On Around the House, Chook Race channel the energies of 80s and early 90s purveyors of jangle pop, caustic lines delivered by vocalist/guitarist Matt Liveriadis – at times in ‘boy/girl’ harmony with drummer Carolyn Hawkins (who takes on lead vocal duties on several tracks) – ‘neath the glint of ringing guitar tones and vibrant drum and bass.  Liveriadis has the kind of deadpan voice which recalls folks like David Gedge and Eugene Kelly, perfect for withering lines like “sometimes, I get tired/oh and sometimes, I get sick/…of you” (“Sometimes”).  The tossed-off, charmingly ramshackle sonic touchstones are warmly familiar, and include bands like The Vaselines, The Clean, The Pastels.  Album highlight, “Lost the Ghost”, has a riff that kept pinging around in my brain until I decided it sounded like early REM – or maybe something by The Only Ones – I couldn’t decide; but I was too busy bopping along to care.  Standing on (sloped) shoulders they may be, but the tunes Chook Race create are undeniable and worthy of repeated listen.

Around the House is out now, courtesy of Tenth Court (in Australia, New Zealand and Japan) and Trouble In Mind (everywhere else) – or straight from the band on their Bandcamp page. Catch up with Chook Race (sorry) on fbook, on tour, and peep the indie pop aerobicise on disply in the video for lead track, “Hard to Clean”, (below).

Highlights include:  “Lost the Ghost”, “Sometimes”, “At Your Door”, “Hard to Clean”

New Music: Trust Punks

Trust Punks, “Mother’s Veil”, “Leaving Room for the Lord”

Two new(ish) tracks from Auckland, New Zealand’s Trust Punks, each showcasing a different side of the band’s sound.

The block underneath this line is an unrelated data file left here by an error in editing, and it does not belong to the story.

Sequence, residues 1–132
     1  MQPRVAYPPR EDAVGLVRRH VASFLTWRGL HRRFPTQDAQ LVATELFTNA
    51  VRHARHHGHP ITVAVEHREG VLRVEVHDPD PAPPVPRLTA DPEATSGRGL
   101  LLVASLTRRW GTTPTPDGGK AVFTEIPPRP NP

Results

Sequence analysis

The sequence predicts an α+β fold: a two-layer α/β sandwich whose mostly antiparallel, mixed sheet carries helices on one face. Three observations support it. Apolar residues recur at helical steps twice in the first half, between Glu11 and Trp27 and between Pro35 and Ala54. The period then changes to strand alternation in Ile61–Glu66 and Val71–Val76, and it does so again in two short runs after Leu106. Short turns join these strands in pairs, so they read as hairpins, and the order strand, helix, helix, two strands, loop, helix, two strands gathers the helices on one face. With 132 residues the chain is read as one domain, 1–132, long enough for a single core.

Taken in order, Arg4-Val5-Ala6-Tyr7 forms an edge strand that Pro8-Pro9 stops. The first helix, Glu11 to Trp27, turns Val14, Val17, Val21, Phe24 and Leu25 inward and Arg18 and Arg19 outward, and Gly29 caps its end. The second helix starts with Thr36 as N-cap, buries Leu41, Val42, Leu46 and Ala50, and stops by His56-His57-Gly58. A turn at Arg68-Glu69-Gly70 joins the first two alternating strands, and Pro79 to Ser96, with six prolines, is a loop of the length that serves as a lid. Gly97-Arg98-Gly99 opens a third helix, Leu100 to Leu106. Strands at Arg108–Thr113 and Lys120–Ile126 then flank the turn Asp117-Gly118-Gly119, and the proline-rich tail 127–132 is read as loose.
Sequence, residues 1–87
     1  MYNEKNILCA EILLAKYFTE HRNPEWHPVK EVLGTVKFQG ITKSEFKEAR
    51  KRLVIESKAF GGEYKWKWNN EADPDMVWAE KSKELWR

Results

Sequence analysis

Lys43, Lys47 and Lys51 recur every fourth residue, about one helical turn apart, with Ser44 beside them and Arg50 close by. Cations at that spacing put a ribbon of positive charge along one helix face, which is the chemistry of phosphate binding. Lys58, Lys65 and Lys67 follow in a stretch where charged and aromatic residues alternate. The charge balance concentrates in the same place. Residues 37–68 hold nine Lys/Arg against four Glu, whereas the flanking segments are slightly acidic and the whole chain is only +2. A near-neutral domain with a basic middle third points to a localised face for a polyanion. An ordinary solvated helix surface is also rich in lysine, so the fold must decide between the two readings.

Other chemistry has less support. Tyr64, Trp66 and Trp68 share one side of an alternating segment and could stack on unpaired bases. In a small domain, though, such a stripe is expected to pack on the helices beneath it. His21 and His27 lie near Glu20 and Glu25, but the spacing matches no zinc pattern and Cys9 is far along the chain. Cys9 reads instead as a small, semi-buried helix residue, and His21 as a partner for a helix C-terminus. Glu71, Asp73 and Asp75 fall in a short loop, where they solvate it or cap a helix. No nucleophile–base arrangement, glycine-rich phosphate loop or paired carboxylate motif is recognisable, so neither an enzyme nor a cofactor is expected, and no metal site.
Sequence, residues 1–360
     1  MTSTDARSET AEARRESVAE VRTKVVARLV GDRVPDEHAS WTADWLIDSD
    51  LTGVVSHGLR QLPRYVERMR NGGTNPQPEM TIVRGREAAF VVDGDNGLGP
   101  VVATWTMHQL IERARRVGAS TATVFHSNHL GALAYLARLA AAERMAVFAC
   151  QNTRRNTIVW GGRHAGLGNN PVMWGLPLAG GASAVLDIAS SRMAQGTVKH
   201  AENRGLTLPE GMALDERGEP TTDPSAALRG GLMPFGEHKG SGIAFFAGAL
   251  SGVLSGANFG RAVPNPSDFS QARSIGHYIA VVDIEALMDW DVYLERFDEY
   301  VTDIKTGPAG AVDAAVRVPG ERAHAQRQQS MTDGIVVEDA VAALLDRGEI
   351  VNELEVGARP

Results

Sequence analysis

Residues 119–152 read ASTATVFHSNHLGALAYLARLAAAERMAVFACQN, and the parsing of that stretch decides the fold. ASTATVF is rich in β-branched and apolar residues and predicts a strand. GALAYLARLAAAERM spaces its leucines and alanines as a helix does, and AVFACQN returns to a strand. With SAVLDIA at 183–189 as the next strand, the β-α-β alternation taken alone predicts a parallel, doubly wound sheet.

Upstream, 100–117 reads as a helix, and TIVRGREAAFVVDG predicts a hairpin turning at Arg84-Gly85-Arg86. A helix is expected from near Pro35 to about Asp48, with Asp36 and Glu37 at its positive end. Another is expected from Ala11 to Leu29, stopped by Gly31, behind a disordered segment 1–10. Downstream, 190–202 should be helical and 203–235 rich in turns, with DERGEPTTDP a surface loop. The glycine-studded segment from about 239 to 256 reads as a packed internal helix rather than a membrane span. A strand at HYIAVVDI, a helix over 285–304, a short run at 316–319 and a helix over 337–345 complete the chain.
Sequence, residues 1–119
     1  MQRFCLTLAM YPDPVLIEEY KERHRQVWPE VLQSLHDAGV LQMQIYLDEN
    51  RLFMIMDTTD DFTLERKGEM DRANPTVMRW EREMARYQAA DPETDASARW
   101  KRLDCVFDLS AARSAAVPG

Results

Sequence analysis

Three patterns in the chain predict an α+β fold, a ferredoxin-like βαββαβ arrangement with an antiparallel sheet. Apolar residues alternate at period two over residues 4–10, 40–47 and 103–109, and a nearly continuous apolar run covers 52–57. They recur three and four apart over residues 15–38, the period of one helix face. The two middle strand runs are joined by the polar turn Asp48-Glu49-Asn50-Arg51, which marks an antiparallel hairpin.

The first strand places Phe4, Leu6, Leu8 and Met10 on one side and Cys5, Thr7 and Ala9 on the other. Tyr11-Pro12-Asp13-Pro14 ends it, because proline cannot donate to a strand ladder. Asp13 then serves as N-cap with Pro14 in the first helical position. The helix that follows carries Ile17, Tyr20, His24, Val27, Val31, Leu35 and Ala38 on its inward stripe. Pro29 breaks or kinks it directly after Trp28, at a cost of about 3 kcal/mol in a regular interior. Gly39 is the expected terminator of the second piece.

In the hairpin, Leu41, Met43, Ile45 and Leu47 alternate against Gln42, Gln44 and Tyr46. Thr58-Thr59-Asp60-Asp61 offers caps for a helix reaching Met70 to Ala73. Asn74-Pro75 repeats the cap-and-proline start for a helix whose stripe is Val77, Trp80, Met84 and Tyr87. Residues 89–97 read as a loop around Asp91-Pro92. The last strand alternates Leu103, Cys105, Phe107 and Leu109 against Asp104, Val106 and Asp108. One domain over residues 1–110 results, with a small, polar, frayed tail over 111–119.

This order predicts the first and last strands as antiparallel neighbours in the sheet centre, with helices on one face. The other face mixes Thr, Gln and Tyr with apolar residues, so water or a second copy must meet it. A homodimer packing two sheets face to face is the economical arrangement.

“Mother’s Veil”, released in November, shows a softer, wistful touch.  Narcotic, dreamy jangle psych-pop, reminiscent of the band’s Flying Nun countrymen, up through the quieter moments of Brian Jonestown Massacre and maybe even first album Shins.  Strummed guitars, an airy bassline and what sounds like tape hiss weave a lucid dream, sadly interrupted by the feedback alarm clock ending.  Heavenly.

Newer track, “Leaving Room for the Lord”, exudes a brasher, more dissonant and, er, “punker” sound.  Shades of early Killing Joke and PiL, plus some Jesus Lizard noise finds the band in a similar lane to Ireland’s Girl Band on this one.  Jagged, clamoring guitars, roiling drums and shouty vocals stagger and crash into each other drunkenly, setting a combative tone.  Satisfyingly brutish.

According to a post on the band’s fbook page, “Leaving Room” will feature on the band’s upcoming album, entitled “Double Blind”.  No further details at this time but, in the meantime, explore their earlier releases, including great 2014 release “Discipline”, on bandcamp.  Sadly, we missed that one first time ‘round, but are having fun playing catch up.

Album Review: Froth, Bleak

Froth, Bleak (Burger Records (CD, vinyl); Lolipop Records (cassette), 5/19/05)